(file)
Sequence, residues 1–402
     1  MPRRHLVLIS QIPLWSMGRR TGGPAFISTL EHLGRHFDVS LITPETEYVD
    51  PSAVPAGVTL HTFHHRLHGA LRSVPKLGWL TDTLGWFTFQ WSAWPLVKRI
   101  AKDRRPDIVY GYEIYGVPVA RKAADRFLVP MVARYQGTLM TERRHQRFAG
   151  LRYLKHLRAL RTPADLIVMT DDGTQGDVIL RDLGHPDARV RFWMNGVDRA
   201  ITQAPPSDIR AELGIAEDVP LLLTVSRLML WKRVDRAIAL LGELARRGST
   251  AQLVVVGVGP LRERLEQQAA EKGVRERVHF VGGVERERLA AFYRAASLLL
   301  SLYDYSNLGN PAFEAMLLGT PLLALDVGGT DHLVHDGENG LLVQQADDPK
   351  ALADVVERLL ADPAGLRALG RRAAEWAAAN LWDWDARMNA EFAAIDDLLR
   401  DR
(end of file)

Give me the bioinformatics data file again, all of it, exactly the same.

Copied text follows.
Sequence, residues 1–402
     1  MPRRHLVLIS QIPLWSMGRR TGGPAFISTL EHLGRHFDVS LITPETEYVD
    51  PSAVPAGVTL HTFHHRLHGA LRSVPKLGWL TDTLGWFTFQ WSAWPLVKRI
   101  AKDRRPDIVY GYEIYGVPVA RKAADRFLVP MVARYQGTLM TERRHQRFAG
   151  LRYLKHLRAL RTPADLIVMT DDGTQGDVIL RDLGHPDARV RFWMNGVDRA
   201  ITQAPPSDIR AELGIAEDVP LLLTVSRLML WKRVDRAIAL LGELARRGST
   251  AQLVVVGVGP LRERLEQQAA EKGVRERVHF VGGVERERLA AFYRAASLLL
   301  SLYDYSNLGN PAFEAMLLGT PLLALDVGGT DHLVHDGENG LLVQQADDPK
   351  ALADVVERLL ADPAGLRALG RRAAEWAAAN LWDWDARMNA EFAAIDDLLR
   401  DR